Unavoidable Pressure Injuries
With the complexity and severity of intrinsic and extrinsic risk factors in mind, some cases of pressure injuries may be considered “unavoidable.” At times, efforts to minimize pressure injury risk factors may be ineffective or counterproductive, given the complexity of the patient’s medical conditions or care required. Factors including individual behaviors, comorbidities, medical related treatments, and medications may be non-modifiable and can contribute to the development of unavoidable pressure injuries. Common conditions that are related to the development of unavoidable pressure injuries include: forced immobilization due to life support and acute illness, use of vasopressors for cardiovascular support, hypotension, severe congestive heart failure, chronic kidney disease, end-stage dementia, and metastatic cancer.
The primary symptoms of a pressure injury are due to an area of persistent tissue breakdown involving the skin and underlying tissues. The patient may complain of an open area in the skin, drainage, bleeding, odor, fever, and pain. The severity of pressure injuries has traditionally been characterized by the extent of breakdown, as described by a staging system.
Physical examination for a pressure injury starts with an overall assessment of the risk factors of the individual and his or her environment. During general examination, evaluation of overall strength, muscle tone, spasticity, range of motion, and presence of contractures is important. Abnormalities in these areas can contribute to both the development and the persistence of pressure injuries. In addition, it is important to note whether the individual is malnourished, anemic, incontinent of feces or urine, cognitively impaired, or immobile from medical conditions such as stroke or spinal cord injury as well as whether appropriate pressure-relieving surfaces for seating and sleeping have been used. The Braden Scale is a commonly used nursing risk assessment tool to determine whether an individual is at risk for pressure injury development. An individual with a score of 18 or lower is found to be at risk. It is important to note that contributing factors, such as frequency in training on pressure injury risk and electronic adaptations of the Braden Scale, can affect the usability of the scale in clinical practice. A systematic approach to the examination of the pressure injury is necessary to provide accurate assessment and monitoring of the pressure injury. The following parameters are to be noted:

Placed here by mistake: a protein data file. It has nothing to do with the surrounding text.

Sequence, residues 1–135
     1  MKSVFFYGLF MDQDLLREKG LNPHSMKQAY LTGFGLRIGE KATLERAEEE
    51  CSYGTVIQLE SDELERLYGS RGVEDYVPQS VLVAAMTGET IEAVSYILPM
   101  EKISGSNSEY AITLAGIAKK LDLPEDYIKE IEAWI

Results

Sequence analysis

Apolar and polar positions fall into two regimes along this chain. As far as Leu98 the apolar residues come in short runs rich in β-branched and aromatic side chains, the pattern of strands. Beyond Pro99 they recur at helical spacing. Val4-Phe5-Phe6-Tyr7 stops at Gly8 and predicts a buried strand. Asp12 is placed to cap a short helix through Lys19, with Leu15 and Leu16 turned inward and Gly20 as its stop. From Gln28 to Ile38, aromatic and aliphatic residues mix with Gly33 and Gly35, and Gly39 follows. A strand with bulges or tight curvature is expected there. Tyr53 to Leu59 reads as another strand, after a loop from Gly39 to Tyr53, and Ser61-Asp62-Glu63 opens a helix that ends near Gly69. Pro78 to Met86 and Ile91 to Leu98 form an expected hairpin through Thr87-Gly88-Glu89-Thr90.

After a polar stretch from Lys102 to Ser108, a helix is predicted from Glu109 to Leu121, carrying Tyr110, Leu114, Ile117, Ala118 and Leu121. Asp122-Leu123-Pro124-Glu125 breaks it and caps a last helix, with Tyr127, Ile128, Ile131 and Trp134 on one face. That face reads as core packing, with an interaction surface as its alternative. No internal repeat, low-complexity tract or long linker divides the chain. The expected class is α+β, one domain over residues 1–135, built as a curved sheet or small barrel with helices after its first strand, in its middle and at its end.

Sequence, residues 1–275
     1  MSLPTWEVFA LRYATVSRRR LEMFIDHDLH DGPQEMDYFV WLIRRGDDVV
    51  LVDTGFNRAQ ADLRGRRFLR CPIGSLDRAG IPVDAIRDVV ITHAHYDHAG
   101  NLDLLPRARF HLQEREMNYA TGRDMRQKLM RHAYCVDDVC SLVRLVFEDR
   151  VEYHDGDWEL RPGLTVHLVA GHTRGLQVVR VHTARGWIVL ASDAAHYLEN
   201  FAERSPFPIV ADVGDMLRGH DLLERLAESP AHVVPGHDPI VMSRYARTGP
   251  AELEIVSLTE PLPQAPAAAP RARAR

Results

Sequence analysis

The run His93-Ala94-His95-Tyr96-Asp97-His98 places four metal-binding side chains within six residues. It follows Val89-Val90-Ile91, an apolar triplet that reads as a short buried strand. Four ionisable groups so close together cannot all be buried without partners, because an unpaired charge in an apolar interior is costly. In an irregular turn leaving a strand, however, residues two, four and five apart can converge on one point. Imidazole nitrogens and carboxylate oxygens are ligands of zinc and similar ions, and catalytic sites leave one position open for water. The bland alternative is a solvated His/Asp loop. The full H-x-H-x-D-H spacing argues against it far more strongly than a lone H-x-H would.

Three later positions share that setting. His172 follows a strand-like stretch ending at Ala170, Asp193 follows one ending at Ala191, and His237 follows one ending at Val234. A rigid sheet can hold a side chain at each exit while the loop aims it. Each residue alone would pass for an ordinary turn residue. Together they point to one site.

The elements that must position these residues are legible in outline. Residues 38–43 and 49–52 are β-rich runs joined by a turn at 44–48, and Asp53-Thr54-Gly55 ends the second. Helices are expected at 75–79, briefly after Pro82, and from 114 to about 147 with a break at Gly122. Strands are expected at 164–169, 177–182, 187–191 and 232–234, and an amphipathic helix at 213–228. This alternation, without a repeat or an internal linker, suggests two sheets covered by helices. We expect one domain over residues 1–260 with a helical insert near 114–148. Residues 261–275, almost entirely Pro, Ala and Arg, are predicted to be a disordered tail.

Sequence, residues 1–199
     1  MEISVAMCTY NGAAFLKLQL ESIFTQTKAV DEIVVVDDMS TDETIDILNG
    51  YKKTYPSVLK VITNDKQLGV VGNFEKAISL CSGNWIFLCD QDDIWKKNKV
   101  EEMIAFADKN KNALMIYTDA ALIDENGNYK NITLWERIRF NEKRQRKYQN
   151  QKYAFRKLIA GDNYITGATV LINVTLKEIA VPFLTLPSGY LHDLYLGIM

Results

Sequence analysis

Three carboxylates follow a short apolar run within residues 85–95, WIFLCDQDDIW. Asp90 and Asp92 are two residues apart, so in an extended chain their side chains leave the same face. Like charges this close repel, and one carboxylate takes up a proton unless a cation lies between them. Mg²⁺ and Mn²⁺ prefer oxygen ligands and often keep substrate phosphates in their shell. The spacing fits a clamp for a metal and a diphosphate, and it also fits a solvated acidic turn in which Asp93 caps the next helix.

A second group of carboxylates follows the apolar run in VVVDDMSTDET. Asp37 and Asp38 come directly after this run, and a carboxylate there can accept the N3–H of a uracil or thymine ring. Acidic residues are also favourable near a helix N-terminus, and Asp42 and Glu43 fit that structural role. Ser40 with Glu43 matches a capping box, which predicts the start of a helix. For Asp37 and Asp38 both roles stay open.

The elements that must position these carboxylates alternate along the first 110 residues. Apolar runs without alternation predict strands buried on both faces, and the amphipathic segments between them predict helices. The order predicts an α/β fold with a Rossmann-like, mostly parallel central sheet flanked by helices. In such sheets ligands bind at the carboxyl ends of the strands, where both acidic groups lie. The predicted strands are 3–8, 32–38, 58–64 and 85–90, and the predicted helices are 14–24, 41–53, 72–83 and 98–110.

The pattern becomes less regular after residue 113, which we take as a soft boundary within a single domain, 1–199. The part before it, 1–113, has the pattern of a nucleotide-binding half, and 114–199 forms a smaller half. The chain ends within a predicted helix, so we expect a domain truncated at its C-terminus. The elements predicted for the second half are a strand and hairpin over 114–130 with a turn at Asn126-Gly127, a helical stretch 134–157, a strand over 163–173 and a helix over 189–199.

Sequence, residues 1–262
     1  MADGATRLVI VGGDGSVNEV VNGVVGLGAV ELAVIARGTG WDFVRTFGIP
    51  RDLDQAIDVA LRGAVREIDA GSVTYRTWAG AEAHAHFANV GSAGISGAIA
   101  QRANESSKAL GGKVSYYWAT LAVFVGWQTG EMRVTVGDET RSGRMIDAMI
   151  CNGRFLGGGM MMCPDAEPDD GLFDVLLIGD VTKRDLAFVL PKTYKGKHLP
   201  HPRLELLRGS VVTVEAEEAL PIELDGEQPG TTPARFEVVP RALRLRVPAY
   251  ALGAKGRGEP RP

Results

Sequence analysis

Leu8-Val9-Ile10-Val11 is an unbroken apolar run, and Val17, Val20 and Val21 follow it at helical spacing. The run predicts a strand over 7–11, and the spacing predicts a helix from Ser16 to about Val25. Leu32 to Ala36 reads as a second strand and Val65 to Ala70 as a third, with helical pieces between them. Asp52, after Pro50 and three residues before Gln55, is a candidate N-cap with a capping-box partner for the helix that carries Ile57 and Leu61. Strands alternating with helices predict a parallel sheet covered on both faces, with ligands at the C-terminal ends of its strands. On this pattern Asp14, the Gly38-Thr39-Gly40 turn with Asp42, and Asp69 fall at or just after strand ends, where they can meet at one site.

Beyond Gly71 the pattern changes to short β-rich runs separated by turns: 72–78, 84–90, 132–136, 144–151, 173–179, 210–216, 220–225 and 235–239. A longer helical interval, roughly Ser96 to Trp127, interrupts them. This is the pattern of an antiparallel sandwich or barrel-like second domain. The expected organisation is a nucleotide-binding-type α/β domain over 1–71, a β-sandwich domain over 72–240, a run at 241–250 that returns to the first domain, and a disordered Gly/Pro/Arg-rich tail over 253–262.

Location of the injury
Size of the pressure injury (length to be measured as the maximum measurement craniocaudally; width as the maximum measurement from side to side; depth to be measured at the deepest part of the wound perpendicular to the skin surface)
Staging of the injury
Presence of undermining or tunneling
Wound bed appearance
Presence of necrotic materials, slough, eschar, fibrous tissues
Presence of rolled wound edges
Presence and amount of drainage (exudate vs transudate)
Presence of foul odor
Tissue health of the periulcer tissues, including any surrounding erythema, maceration, edema, or associated fungal infection
Staging of pressure injuries describes the extent of tissue breakdown at initial examination. There have been multiple staging systems for pressure injuries. The NPUAP has developed the follow staging system to stage pressure injuries.
Stage 1 Pressure Injury: Non-Blanchable Erythema of Intact Skin
Intact skin with a localized area of non-blanchable erythema, which may appear differently in darkly pigmented skin. Darkly pigmented skin may not have visible blanching; its color may differ from the surrounding area. Presence of blanchable erythema or changes in sensation, temperature, or firmness may precede visual changes. Color changes do not include purple or maroon discoloration. These may indicate deep tissue pressure injury
Stage 2 Pressure Injury: Partial-Thickness Skin Loss With Exposed Dermis
Partial-thickness loss of skin with exposed dermis. The wound bed is viable, pink or red, moist, and may also present as an intact or open/ruptured serum-filled or serosanguinous-filled blister. Adipose fat and deeper tissues are not visible. Granulation tissue, slough, and eschar are not present. Commonly results from adverse microclimate and shear in the skin over the pelvis and shear in the heel. This stage should not be used to describe moisture-associated skin damage, including incontinence-associated dermatitis, intertriginous dermatitis, medical adhesive- related skin injury, or traumatic wounds (skin tears, burns, abrasions).
Stage 3 Pressure Injury: Full-Thickness Skin Loss
Full-thickness tissue loss. Adipose tissue is visible in the ulcer and granulation tissue and epibole (rolled wound edges) are often present. Slough and/or eschar may be visible. May include undermining and tunneling. The depth of a Stage 3 pressure injury varies by anatomic location. Areas of significant adiposity can develop extremely deep wounds. Fascia, muscle, tendon, ligament, cartilage, and/or bone are not exposed. If slough or eschar obscures the extent of tissue loss, this is an unstageable pressure injury.
Stage 4 Pressure Injury: Full-thickness Skin and Tissue Loss